The Texas Golf Bible Review


Original Review by

Texas Links

Whether you need a place to play your Sunday round or if you are planning a major golf pilgrimage, The Texas Golf Bible helps you make the most of your golf experience in Texas. Writer Jason Stone's love for the game of golf shines through every one of the book's well researched 801 pages.

Stone explains in the book's introduction that the Texas Golf Bible is designed to be used often, kept in the glove compartment of the car, or in the golf bag. The author wishes that reader's copies will soon become dog-eared and dirty from use. Every attempt has been made to make the book useful. Because now all these interesting golf courses have been collected under one cover, it is easy to make enjoyable day trips around the state to take advantage of the state's 900+ courses.

Until now, visiting a golf course, particularly in a new city could be a hit or miss situation. Stone details every golf course with golf notes, prices, very useful driving directions, and related information like restaurants and accomodations.

There are details on municipal golf courses, and private ones. He covers country clubs and resorts from cities as central as Austin or as remote as the West Texas hamlet of Alpine. Golf course desiger Roy Bechtol writes in the book, "There are so many great courses in the Lone Star state - including some we didn't design. The Texas Golf Bible is your bet for tracking then down and teeing it up."

A good example of a typical entry is the book's entry on the Squaw Valley Golf Course in Glen Rose, Texas. Stone opens with a introductory paragraph explaining the town's charms, and how to drive to it. Afterwards is a complete entry on the golf available at Squaw Valley. The course opened in 1992, designed by Jeff Brauer. No. 9 is the best hole on the front because "of its split fairway. Macho men can go over the green by aiming over the lake...." He details other noteable areas, as well as the newer Apache Links course. He summarizes Commanche Lakes as -

18 holes. Par 72. Back - 6,731 (71.9/125). Middle - 6,284 (69.6/119). Forward - 5,014 (70.0/113).

He also lists the price of using the course, plus personal food and lodging recommendations. (For food, the options in Glen Rose are impressive.

Stone even makes it point to anticipate anything that might relate to the golf experience for the book. It's helpful to know that the new course outside of Waco, Bear Ridge Golf Club, doesn't sell cold beer. The book includes that warning and mentions the HEB grocery store nearby that can accomodate.

The book includes interesting sections on a history of golf in Texas. There are numerous interesting photos, like golf pro Jackie Birke plaing Houston's Memorial Park golf course in 1960. There are further explorations on subjects like Hunting, Fishing & Golf and Romance & Golf.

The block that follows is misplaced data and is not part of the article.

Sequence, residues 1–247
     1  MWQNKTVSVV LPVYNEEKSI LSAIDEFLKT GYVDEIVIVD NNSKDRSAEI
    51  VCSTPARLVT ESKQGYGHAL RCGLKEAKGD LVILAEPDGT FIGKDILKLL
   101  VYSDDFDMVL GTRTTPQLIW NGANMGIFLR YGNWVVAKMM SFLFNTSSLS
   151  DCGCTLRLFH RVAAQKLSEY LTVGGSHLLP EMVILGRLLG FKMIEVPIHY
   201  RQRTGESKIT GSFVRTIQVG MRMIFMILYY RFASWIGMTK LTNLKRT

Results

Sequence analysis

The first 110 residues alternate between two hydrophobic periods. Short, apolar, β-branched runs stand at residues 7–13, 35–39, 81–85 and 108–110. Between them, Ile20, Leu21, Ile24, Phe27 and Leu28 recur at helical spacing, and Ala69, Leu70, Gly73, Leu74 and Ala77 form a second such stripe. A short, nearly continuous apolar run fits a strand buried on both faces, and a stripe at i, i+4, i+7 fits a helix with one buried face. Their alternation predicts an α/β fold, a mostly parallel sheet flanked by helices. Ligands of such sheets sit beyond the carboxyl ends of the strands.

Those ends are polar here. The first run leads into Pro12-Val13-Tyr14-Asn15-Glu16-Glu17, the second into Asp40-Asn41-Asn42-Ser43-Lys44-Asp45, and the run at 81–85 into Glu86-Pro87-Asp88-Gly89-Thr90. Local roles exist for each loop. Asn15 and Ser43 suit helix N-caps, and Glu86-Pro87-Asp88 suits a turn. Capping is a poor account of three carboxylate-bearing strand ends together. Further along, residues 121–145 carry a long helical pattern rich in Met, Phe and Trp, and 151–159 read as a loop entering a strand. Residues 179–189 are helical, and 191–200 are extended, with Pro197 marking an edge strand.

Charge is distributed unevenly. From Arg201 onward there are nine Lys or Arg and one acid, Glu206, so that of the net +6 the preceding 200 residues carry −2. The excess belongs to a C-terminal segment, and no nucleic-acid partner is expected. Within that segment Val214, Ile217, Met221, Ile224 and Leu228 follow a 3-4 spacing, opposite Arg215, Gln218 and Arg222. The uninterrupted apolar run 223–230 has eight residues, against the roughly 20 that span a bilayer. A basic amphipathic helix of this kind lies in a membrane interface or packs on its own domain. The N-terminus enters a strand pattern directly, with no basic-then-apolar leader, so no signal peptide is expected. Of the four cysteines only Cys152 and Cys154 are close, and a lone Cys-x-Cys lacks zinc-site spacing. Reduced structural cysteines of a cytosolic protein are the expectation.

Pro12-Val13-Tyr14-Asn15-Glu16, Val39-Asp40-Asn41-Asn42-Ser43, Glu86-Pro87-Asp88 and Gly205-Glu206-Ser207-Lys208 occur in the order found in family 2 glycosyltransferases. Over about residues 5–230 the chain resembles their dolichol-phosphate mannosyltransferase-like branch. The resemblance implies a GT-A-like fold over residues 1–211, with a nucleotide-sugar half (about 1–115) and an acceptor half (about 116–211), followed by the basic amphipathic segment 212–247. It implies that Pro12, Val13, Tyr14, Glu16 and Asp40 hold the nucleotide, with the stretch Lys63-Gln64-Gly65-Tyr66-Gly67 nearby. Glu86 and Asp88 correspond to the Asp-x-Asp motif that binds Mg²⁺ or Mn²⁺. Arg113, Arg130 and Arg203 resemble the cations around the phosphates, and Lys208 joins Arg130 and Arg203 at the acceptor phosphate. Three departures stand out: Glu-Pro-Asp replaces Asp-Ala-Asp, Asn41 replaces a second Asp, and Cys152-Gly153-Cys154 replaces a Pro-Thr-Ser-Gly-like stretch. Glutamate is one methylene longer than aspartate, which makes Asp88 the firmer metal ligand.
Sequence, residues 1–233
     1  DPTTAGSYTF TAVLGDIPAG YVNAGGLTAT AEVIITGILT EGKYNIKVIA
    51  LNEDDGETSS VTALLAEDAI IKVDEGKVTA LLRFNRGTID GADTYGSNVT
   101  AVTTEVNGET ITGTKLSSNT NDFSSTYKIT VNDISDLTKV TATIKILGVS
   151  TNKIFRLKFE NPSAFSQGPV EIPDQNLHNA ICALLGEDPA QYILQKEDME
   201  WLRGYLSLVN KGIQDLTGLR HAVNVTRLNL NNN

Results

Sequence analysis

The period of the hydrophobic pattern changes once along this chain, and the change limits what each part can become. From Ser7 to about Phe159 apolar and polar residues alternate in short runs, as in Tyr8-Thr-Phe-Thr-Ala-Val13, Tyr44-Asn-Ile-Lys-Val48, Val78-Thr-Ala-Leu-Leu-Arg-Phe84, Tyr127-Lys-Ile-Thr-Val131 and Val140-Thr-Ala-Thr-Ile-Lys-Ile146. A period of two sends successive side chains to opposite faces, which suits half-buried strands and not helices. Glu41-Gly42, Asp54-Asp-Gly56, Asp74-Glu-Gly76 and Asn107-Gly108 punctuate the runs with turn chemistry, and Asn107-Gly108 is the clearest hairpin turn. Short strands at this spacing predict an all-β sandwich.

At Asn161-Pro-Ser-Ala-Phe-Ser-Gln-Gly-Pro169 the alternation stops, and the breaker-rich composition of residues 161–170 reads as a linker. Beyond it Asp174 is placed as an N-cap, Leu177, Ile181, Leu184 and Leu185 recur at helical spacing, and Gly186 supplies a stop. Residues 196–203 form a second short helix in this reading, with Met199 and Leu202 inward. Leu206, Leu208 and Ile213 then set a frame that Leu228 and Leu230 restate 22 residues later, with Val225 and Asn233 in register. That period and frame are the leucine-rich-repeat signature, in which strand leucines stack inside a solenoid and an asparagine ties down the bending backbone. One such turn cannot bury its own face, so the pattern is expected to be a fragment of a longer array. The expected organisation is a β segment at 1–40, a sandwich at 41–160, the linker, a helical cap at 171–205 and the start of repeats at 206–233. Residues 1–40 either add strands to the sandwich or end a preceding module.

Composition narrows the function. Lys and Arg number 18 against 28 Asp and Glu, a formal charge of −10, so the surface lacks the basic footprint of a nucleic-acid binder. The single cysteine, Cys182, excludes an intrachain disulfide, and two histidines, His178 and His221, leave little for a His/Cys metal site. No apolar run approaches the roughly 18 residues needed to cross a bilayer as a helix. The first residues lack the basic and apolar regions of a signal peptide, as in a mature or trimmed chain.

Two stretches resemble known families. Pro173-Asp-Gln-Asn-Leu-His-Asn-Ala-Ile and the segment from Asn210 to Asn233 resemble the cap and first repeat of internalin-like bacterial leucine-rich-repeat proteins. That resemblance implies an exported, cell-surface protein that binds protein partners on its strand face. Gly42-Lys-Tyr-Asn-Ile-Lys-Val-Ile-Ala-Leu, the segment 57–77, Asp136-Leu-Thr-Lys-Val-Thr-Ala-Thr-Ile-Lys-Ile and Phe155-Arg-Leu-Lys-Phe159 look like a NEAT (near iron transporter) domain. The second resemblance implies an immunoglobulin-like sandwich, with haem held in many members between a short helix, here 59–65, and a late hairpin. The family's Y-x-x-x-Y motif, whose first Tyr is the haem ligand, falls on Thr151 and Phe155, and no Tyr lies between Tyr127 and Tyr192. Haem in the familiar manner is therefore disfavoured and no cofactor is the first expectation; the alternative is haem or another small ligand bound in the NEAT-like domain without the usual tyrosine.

Stone makes it a point not to rank the courses in the book. Nor does he muddy it up, as he explains, "we were determined not to regurgitate volumes of generic golfspeak regarding hole after hole after hole. Our focus is giving you a feel for the course."

The result is a highly useful field guide that any golfer can immediately sink his teeth into.

Barton Creek Resort

The golf: The self-proclained "Golf Capital of Texas" is not only the premier golf destination in the state, but one of the most outstanding golf destinations in the world, Four championship golf courses grace the property of this four-star resort that is located just 20 minutes west of downtown Austin.

Palmer Lakeside Course

The former Hidden Hills Country Club opened in 1986m but was taken over by Barton Creek in 1989 abd actually resides 25 miles west of the resort itself. The Arnold Palner-designed course overlooks Lake Travis, with plenty of panoramic views of the lake and surrounding countryside.

While Palmer's design is surprisingly flat considering the terrain, No. 1 is an anomoly as it drops over 70 feet down to a tree-lined fairway, The remainder of the front is dominated by holes that require forces carries, including holes 2-4 that all force shots over water hazards. No. 3 plays 162 yards over water, and No. 4 doglegs downhill over water off the tee. Hole 6 is 565 yards, but No. 7 is the toughest hole, playinf 403 yardsm doglegging right into a canyon off the tee, and forcing a lay-up. The longish approach must carry the canyon to a green surrounded by trees.

The forced carries continue on the back, highlighted by the popular 201-yard No. 11, considered one of the most beautiful holes in Texas with its scenic tree shot over a pond and creek-lined fairway. The view on No. 14 is nice as well, and you'll have the added bonus of being able to choose which green to hit into (the one on the right is shorter but the target is smaller).

The 17th is the last of the Palmer's five par 3s, and carries 163 yards over water. The 18th is interesting because of the blind approach shot.

For excusions to Barton Creek, don't forget about Lakeside. If you've been tortured by being holed up at the resort for a few days, it's worthwhile to make the road trip into Spicewood for the day.

The book also includes similar information on the Crenshaw Cliffside Course, Fazio Foothiills Course, and Fazio Canyons Course.

More books:

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The Texas Golf Bible
800 pages
Fandango Pub Co 2003-05-15
Purchase Book on Amazon.Com